<li class="product" data-id="5">Product 4</li>
  <button type="button" id="submit">Create Purchase</button>
</ul>

<h4>check logs by opening the console</h4>

4
  • ok, so I can call Product.serialize() inside the Purchase object ?! I did solve this github.com/fabriziobertoglio1987/sprachspiel/commit/… but saving the items as a Purchase.items class variable, but your solution is dry and better so I'll try this in the next days and let you know. I am still using a lot of @Caffeinated.tech solution so I need to understand who helped me more and give him the bounty.. Thanks a lot ! Apr 22 '18 at 16:59
  • Yes you can access it because it is declared as a variable in the outer scope. Read this to better understand JavaScript scopes, understanding scopes will give you a head-start in learning JavaScript. Apr 22 '18 at 17:17
  • yes. I believe you are right. That is the key to the solution, understanding how this objects are connected, while still I wonder how I could access the @purchase from the @product instance. Is also that about scopes or should I actually send as input the @purchase variable in the new Product(@purchase) constructor..? Thanks a lot .. this is key to my understanding of this issue Apr 22 '18 at 18:19
  • If you have have only a single purchase object, then scope is OK, if you have multiple of them, then you need to link products with purchase just the way you are thinking, and purchase should contain a list of products. And if you click on the same item twice they are being listed twice, you need to avoid it. Try it and post updates to the question if you get stuck. Apr 22 '18 at 18:32
1
+200

I've updated your coffeescript fiddle to work as per the questions in the code comments.

Here is my updated version.

I've changed your class structure so that there is no need for any static variables, which seems like a hack to get around a bad design in this case.

You have created your model structure as:

  • one purchase has many products
  • one product has many items

But your post data format requirement shows that:

  • one purchase has many items
  • one item belongs to one product (by reference id)

To get around this inconsistency I flatten the serialized data from products so that items_attributes is an array of serialized item objects:

class Purchase
  ...
  serialize: =>
    items = (product.serialize() for product in @products)
    # flatten array of array of items:
    items_attributes: [].concat.apply([], items)

This cryptic looking line [].concat.apply([], items) is a shorthand for flattening one level deep of nested arrays (taken from this answer).

And each instance of product now saves an array of items on itself rather than statically on the class.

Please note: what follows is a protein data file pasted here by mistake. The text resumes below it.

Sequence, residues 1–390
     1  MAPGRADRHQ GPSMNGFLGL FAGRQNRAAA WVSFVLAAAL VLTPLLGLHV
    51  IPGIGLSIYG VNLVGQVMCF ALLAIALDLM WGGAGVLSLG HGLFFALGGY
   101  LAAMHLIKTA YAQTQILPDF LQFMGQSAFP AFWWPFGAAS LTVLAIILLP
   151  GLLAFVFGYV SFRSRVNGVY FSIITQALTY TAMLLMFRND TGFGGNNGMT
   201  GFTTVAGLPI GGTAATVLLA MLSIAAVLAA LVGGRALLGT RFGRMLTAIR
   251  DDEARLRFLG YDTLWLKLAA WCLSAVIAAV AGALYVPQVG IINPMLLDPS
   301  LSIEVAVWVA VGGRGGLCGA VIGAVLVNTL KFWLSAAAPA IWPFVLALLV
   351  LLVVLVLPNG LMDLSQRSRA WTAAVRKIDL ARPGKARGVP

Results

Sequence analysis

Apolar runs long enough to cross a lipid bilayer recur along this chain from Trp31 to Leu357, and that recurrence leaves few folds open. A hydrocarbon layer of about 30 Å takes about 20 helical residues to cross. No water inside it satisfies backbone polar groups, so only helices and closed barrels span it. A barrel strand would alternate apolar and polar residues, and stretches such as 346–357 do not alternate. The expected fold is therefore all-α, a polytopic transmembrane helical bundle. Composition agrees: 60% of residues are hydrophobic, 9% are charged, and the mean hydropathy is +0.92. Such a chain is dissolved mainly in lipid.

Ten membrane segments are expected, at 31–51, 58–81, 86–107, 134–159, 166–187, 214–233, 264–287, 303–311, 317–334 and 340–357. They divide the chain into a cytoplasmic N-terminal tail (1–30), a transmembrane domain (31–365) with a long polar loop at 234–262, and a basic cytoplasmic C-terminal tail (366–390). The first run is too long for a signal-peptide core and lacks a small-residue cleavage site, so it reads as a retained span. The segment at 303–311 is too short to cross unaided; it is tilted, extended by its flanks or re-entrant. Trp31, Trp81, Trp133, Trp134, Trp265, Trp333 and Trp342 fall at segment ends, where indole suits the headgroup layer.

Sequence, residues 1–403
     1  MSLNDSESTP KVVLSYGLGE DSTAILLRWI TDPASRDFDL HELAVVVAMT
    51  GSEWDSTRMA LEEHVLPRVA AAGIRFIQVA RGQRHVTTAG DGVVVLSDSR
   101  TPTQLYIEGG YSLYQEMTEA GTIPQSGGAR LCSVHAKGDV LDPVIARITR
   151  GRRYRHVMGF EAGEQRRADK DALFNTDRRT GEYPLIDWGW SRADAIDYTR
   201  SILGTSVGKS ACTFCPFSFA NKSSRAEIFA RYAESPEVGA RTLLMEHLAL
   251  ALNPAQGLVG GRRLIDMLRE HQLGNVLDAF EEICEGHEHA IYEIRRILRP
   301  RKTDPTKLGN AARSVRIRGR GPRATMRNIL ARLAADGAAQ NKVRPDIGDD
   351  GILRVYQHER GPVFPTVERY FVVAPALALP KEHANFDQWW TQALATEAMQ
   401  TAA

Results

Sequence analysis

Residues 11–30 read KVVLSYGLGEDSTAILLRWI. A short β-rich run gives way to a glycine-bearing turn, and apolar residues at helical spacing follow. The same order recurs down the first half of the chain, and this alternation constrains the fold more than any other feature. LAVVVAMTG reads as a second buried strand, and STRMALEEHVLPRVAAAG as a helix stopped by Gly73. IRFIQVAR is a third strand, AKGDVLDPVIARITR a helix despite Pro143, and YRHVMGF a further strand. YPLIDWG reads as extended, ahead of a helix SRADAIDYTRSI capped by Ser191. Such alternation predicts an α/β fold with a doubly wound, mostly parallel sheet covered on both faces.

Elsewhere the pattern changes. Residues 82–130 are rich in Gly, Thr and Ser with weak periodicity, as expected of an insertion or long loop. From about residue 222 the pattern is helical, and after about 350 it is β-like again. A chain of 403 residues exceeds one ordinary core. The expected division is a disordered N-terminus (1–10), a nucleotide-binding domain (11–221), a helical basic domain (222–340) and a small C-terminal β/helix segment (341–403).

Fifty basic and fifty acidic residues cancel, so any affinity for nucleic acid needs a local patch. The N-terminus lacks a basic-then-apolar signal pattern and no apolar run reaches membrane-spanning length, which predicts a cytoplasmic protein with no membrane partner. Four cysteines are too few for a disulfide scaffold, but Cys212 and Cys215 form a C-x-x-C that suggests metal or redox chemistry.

class Product  
  constructor: (product) ->
    @product = $(product)
    @id = @product.data("id")
    @submit = $('#submit')
    @items = []
    @registerEvents()

  addItem: =>
    console.log "added item #{@id}"
    @items.push new Item(@id) 

  registerEvents: ->
    @product.click @addItem

  serialize: =>
    (item.serialize() for item in @items)

I think a better redesign of this class structure would be to remove either the Product or Item class, as there is only a product id, and as far as I can tell, items are like a counter of how many units of a product are being purchased. Instead of having a class for this, you could keep an integer value on the product:

As a fiddle

class Purchase
  constructor: () -> 
    # on $(document).ready a new Purchase is created
    @submit = $('#submit')
    # for each div.product a new Product instance is created
    @products = $.map $('.product'), (product, i) -> 
      new Product(product)
    @registerEvents()

  onSubmit: => 
    console.log "send to server..."
    console.log JSON.stringify(@serialize(), null, 2)

  registerEvents: -> 
    @submit.click @onSubmit

  serialize: =>
    items_attributes: (product.serialize() for product in @products when product.amount isnt 0)

class Product  
  constructor: (product) ->
    @product = $(product)
    @id = @product.data("id")
    @submit = $('#submit')
    @amount = 0
    @registerEvents()

  addItem: =>
    console.log "added item #{@id}"
    @amount++

  registerEvents: ->
    @product.click @addItem

  serialize: =>
    product_id: @id
    amount: @amount

The output now looks different but is IMO cleaner:

new:

{
  "items_attributes": [
    {
      "product_id": 1,
      "amount": 1
    },
    {
      "product_id": 2,
      "amount": 3
    }
  ]
}

old:

{
  "items_attributes": [
    {
      "product_id": "1"
    },
    {
      "product_id": "2"
    },
    {
      "product_id": "2"
    },
    {
      "product_id": "2"
    }
  ]
}

But this may not work well with your current backend implementation, depending on how duplicates are currently handled, so disregard this last part if any legacy constraints cannot be changed.


Lastly, I wanted to add that this "object-oriented" method of attaching event listeners and logic to the DOM is a more structured way than typical jquery functions executed on load. But I've used it in the past, and keeping both DOM structure and code updated is a pain and often leads to bugs due to code changes in one not being mirrored on the other.

As an alternative, I would strongly suggest looking into reactjs or a similar DOM-abstraction type library. These allow you to strongly couple your logic to the view elements which they depend upon.

While usually used with JSX, it couples well with Coffeescript, but there are very few resources on this. Arkency write a good blog about react + coffeescript and I wrote a short post comparing coffeescript to jsx too.